Tuesday, July 24, 2012

Blue kayak, red flag

There were three colors:  yellow, blue and orange.  Jerry picked an orange kayak, leaving me with the choice of yellow or blue.  I thought yellow might show dirt, so I got the blue one.  I was supremely happy with my choice.  Until.  One night as we were leaving the lake at the public access area, a boater who was also leaving said, "You do know you are virtually invisible to us on the lake at this time of night, right?"

Nooooo... I was not aware of that!  Visibility, or lack thereof, had never occurred to me.  At dusk - the time of day that you are most likely to find me on the lake -I am Chris Zimmerman, ninja kayaker.  This bit of knowledge disturbed me deeply until I saw a man with a bright orange flag attached to his kayak for visibility.  I paddled over and talked with him about it and it turns out that kayak flags are readily available online for twenty dollars, plus shipping.
Camouflaged and I didn't even know it!

The very next night, Jerry came home from work all excited.  "I was in Greenville today, " he said, "and look what I found at Radio Shack on the way home!"  He presented me with a telescoping radio antenna.  "It was only thirteen bucks.  No shipping!  I figured you could sew up a red flag, attach it somehow and it would be perfect."

Now Jerry generally isn't the frugal one of this couple, so I surmised that he needed a project. I obliged by digging out my old sewing machine and some red rip-stop nylon left over from a backpack patching job I had done for him earlier this decade.  I commenced making a flag while he went out on our back deck to attach the antenna to the kayak.  He was very pleased with himself.
For those of you who've never had the pleasure of visiting our dwelling, it is situated midway down a pretty dramatic hill and our patio juts out over nothing but a steep drop.  We live in the woods and the back of our property is heaped full of leaves left right where they dropped. They are turning themselves into lovely, dark compost in one of God's own science projects.  We never go down there to interfere because it's too steep and it's overgrown with poison ivy, a living deterrent to the allergy prone.

So first Jerry's out on the deck with the kayak balanced on the railing, drilling a hole for the antenna and the next thing I know, he's inside, madder than a hornet.  He'd dropped the little black thing [nut? screw? bolt?*] that attaches the antenna to the kayak. (*I don't know what the official hardware store name of the piece was.  Men, don't bother wasting you time trying to educate me because, in my eyes, it's not important enough info to retain.) 

Of course before he came in he had tried to find it, but talk about impossible!  It was black and about the size of a baby's fingernail.  Jerry asked me if I'd go out and help him look. I was not enthused by this idea, but he does a lot of crazy things for me and I figured this was payback. 

As I was attempting to balance myself on the hillside under the deck, I looked down and saw the ground below me undulating.  I was confused for a second as to what I was seeing but when I crouched down, I realized that I was standing in a slug nursery.  They were everywhere and the parents were huge!  That's when I abandoned my search.  (But I did wonder if slugs are the same as escargot?  Maybe our backyard is a gold mine!)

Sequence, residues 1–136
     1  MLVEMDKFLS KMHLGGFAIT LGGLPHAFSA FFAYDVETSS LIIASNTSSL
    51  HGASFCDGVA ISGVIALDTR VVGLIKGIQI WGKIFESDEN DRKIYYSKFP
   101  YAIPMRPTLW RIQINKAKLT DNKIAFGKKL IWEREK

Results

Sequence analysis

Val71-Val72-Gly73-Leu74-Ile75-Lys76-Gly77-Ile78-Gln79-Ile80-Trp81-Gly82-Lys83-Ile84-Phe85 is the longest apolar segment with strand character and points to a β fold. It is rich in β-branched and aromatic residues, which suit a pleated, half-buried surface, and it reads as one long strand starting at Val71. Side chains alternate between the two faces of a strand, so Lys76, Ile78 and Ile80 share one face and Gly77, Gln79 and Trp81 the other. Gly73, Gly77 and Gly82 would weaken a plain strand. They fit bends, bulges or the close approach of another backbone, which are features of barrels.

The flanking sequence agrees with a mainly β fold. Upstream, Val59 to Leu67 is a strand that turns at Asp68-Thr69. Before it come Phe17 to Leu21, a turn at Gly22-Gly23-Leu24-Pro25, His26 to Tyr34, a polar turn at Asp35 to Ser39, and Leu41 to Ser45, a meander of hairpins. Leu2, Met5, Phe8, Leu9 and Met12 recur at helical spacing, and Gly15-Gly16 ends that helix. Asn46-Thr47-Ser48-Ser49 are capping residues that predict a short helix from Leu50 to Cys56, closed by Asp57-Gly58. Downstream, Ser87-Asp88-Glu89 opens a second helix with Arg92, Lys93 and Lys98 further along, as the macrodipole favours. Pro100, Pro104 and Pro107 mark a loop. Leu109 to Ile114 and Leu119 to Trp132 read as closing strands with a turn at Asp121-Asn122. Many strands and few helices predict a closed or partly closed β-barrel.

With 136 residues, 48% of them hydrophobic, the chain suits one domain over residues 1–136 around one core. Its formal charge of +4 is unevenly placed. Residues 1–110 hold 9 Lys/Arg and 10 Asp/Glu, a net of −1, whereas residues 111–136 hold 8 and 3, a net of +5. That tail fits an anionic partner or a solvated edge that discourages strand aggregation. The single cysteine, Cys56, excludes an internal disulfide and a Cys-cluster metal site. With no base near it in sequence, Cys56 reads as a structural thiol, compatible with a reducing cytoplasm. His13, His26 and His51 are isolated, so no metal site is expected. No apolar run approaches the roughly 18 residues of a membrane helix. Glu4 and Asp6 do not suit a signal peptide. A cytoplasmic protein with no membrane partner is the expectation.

Alone again, Jerry decided to take this huge honkin' magnet down there and see if he could find the [nut, bolt, screw] that way.  Sad to say, he couldn't find the magnet in the garage.  When he realized that the magnet was nowhere to be found, he threw in the towel and went to Home Depot in disgust.  

While he was gone, I  finished my flag.  It was a thing of beauty but sort of rigid.  As a matter of fact, it was about as flexible as a piece of cardboard.  It's the right color to be sure but it won't be doing much whipping in the wind, more like perpetual standing at attention.
Jerry came back empty handed.  The [nut, screw, bolt] was a specialty item and they didn't stock it.  He went back to the woods, more determined than ever to find that little bugger.  I knew he was spitting into the wind, but I gave him credit for trying anyway.  The tiny thing could have bounced anywhere down the hill and then rolled in the gully.  He was never going to find it.

Jerry persisted.  He looked a long, long time and then the impossible happened. (Okay, maybe it was just the improbable, but it still amazed me.)  When he came in, he had that little part in his hand.  You could have knocked me over with a feather, I was so surprised  - and impressed, too.  He told me he'd just raked until he found it.  Wow!

I couldn't be more pleased with my goofy red flag on the telescoping radio antenna.  Not only is it a beacon of visibility, but it's a powerful symbol, too.  While it does keep me from disappearing amongst the jet skiers and power boaters, it's also reminds me of what persistence and determination can accomplish.  And, we saved seven dollars.  Plus shipping.

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